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measuring small bores

bell mouthing.

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RRMBK21/06/2016 16:54:20
154 forum posts
18 photos

Hi All . I am trying to bore some GM axle boxes to take a 12mm OD needle roller bearing. It requires an N6 interference fit but I cant seem to solve two issues .

Although I am using a tool with as large a stem diameter as possible I am still getting bell mouth/ taper down the length of the bore which is appx 15 mm.

Also any idea on how to accurately measure such a small bore please? vernier/ digital callipers don't seem to give repeatable accuracy and my expanding bore gauge doesn't go small enough.

would greatly appreciate any input having already scrapped two boxes!

Michael Gilligan21/06/2016 17:17:05
20185 forum posts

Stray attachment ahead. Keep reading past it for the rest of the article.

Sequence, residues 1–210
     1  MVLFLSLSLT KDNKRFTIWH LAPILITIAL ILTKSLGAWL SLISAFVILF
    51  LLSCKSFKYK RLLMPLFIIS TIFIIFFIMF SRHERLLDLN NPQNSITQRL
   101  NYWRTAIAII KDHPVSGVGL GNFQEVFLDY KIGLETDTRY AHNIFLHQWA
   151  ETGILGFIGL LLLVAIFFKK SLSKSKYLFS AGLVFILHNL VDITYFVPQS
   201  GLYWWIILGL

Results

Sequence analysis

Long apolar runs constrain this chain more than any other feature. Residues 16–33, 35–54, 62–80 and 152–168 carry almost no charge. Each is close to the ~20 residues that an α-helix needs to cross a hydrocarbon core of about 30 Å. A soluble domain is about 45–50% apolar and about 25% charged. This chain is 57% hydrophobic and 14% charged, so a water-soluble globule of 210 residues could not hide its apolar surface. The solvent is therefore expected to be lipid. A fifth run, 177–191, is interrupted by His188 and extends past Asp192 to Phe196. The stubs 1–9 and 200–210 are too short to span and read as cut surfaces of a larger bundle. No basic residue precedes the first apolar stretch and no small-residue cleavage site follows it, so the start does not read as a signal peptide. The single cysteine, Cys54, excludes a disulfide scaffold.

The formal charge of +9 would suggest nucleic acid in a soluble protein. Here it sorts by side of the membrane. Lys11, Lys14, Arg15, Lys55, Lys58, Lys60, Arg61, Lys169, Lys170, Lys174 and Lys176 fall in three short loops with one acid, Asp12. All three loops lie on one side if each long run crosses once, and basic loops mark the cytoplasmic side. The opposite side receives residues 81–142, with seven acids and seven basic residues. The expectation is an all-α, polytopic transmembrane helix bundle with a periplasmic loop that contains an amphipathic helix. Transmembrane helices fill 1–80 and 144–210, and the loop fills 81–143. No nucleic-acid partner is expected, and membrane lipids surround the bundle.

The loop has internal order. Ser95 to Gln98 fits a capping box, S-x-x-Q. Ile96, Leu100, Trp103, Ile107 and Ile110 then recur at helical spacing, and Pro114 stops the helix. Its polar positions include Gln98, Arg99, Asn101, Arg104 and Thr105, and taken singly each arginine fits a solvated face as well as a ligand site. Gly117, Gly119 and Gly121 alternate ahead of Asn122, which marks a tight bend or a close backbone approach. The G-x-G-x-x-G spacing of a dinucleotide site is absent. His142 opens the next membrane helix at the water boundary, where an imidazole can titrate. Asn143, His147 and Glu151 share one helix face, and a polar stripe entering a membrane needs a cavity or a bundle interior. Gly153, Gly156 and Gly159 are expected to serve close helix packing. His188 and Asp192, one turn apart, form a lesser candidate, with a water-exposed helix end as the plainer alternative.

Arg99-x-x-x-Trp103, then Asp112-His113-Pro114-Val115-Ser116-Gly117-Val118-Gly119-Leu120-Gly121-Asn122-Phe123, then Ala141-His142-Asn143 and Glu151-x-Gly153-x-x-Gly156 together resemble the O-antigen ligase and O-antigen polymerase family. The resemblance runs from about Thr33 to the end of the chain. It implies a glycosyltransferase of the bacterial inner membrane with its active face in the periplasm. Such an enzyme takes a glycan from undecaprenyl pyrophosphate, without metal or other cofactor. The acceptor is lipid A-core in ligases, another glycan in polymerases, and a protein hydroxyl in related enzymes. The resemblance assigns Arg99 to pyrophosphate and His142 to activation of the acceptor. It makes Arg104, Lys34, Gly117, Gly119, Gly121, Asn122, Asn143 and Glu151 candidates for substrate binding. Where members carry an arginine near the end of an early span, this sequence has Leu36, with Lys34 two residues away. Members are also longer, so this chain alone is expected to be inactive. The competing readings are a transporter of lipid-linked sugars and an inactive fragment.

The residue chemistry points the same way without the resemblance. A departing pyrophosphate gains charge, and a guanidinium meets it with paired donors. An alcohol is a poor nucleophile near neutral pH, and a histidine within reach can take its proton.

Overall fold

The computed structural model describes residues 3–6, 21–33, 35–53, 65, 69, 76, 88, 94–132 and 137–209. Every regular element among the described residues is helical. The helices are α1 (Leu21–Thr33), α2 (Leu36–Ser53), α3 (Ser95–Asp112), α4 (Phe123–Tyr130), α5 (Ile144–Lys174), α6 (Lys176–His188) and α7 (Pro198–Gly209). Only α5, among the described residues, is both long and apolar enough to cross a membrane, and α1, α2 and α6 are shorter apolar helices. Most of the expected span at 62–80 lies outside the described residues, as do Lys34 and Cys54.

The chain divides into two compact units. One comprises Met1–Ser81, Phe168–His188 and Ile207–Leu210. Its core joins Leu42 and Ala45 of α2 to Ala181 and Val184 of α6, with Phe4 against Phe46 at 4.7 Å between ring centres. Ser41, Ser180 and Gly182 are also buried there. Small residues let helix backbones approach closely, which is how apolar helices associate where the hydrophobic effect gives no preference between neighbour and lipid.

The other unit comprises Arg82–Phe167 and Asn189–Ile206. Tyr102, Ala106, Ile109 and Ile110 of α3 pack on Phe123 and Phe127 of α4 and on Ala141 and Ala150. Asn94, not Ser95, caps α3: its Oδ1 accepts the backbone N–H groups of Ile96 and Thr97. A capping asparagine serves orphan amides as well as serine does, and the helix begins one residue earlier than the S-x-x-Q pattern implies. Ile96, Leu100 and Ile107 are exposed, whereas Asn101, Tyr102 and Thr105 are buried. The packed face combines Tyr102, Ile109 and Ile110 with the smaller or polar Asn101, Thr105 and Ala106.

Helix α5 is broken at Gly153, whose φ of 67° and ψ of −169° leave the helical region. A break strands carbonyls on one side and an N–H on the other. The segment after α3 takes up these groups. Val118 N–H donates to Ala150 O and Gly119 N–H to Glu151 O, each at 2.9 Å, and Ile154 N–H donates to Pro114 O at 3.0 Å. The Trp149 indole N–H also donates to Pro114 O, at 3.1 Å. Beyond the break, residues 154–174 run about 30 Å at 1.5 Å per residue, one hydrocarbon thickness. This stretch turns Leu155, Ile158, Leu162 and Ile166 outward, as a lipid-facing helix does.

1053 photos

12mm is at the upper end of this set from Warco:


Haven't tried them, so I can't comment on quality, but the principle is good.


Bob Brown 121/06/2016 17:35:15
1021 forum posts
127 photos

I use this for small bores although a go/no go gauge may be an option image00003.jpg

Fatgadgi21/06/2016 18:24:15
178 forum posts
26 photos


Measuring small bores accurately is expensive.

If you don't want to do it too often, as Bob says a Go / No Go gauge is a good way to go and you can turn them up easily enough from mild steel. You can easily measure the diameters with a micrometer.

Cheers - Will

Boiler Bri21/06/2016 18:42:12
842 forum posts
199 photos

I make plug gauges to the size that I want and then keep them safe for use in the future. You can end up with quite a selection.


Tony Pratt 121/06/2016 19:56:53
1966 forum posts
12 photos